from the New York times and thanks to Ralla Klepak for her post on FaceBook
WASHINGTON — The Supreme Court ruled on Monday that evidence found by police officers after illegal stops may be used in court if the officers conducted their searches after learning that the defendants had outstanding arrest warrants.
This means clear erosion of the “fruit of the poison” tree doctrine where if the stop was invalid then all evidence obtained cannot be used in a court of law against you. It deters police from engaging in illegal stops.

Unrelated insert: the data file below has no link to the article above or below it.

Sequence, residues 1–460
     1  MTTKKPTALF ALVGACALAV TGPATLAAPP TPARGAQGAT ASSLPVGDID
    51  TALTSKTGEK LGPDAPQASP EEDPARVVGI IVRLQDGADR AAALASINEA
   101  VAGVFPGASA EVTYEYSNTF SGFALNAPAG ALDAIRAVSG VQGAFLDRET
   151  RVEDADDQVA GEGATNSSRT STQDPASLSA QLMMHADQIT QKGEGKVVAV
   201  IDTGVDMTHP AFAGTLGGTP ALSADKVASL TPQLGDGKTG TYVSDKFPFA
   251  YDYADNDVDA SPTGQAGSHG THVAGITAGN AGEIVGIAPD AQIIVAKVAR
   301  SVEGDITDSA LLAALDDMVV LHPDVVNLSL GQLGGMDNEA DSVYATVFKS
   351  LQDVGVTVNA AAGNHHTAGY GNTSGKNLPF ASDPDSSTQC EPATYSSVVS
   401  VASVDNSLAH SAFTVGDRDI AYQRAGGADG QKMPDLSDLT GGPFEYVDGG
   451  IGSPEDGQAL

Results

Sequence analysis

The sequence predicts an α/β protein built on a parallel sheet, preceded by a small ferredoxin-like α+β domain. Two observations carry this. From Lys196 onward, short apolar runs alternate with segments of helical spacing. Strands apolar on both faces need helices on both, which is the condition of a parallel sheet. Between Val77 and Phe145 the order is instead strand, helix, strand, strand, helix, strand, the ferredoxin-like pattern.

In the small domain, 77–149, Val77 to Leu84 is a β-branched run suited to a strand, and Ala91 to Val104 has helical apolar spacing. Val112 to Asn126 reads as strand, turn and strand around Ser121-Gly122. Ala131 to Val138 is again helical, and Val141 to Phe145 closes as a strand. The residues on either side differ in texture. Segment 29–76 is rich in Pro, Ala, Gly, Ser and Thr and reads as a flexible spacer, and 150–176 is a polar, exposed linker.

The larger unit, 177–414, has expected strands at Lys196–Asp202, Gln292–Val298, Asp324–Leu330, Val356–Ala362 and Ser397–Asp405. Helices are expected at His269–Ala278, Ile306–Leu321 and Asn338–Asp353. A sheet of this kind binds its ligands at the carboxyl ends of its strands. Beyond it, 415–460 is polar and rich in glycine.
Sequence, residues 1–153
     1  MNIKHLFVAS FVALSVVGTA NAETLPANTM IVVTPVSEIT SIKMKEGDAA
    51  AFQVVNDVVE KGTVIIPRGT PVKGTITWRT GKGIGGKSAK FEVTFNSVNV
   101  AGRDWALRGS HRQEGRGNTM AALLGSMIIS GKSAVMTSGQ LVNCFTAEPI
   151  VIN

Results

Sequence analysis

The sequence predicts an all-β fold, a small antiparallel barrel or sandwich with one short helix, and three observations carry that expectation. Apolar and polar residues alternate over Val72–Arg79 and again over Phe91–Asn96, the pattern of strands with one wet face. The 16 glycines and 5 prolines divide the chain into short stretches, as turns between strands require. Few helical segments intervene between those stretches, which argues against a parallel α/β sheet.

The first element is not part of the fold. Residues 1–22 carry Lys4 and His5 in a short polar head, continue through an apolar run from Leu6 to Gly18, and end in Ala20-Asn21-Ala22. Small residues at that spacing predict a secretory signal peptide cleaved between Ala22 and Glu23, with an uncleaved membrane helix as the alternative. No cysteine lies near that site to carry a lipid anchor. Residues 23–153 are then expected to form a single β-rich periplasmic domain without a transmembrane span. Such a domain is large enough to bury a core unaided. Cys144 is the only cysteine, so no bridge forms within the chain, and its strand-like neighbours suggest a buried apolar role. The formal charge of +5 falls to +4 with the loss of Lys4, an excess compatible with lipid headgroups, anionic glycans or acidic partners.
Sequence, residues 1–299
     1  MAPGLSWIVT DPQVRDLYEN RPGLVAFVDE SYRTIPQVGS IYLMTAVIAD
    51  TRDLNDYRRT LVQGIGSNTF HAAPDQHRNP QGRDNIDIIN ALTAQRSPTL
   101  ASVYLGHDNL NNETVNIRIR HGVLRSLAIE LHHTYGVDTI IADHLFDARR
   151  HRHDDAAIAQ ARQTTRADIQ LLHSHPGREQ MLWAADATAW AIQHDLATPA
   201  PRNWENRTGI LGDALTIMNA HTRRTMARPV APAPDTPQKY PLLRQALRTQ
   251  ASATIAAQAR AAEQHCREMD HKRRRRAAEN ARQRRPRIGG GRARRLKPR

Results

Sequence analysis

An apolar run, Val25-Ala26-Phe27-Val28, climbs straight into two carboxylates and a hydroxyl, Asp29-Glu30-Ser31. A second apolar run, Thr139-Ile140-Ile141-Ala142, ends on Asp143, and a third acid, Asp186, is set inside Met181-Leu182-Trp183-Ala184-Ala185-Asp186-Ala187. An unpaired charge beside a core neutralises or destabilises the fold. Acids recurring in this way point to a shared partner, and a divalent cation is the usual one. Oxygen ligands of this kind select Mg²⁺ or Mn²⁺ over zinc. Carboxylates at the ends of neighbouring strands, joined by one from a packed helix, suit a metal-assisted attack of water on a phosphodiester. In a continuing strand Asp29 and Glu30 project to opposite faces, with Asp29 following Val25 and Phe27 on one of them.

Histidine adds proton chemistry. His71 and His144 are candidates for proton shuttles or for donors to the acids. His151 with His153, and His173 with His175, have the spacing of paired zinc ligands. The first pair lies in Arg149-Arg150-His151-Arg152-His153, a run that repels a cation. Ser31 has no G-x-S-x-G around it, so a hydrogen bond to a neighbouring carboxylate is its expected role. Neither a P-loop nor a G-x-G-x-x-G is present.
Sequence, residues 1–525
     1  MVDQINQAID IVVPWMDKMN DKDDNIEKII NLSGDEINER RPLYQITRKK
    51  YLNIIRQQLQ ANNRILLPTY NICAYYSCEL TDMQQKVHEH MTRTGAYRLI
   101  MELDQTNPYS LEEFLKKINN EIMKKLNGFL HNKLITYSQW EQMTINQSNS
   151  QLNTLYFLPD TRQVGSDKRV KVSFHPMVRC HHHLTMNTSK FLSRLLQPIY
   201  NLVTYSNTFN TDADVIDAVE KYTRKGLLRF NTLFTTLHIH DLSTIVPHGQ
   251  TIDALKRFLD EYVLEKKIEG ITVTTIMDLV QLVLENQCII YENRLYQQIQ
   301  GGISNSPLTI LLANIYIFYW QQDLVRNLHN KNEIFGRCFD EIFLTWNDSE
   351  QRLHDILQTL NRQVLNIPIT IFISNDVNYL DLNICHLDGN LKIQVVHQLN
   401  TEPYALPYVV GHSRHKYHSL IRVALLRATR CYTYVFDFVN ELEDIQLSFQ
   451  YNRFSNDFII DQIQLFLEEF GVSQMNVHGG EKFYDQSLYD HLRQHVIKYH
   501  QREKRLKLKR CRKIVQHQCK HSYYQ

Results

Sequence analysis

Justice Clarence Thomas, writing for the majority in the 5-to-3 decision, said such searches do not violate the Fourth Amendment when the warrant is valid and unconnected to the conduct that prompted the stop.
Justice Thomas’s opinion drew a fiery dissent from Justice Sonia Sotomayor, who said that “it is no secret that people of…
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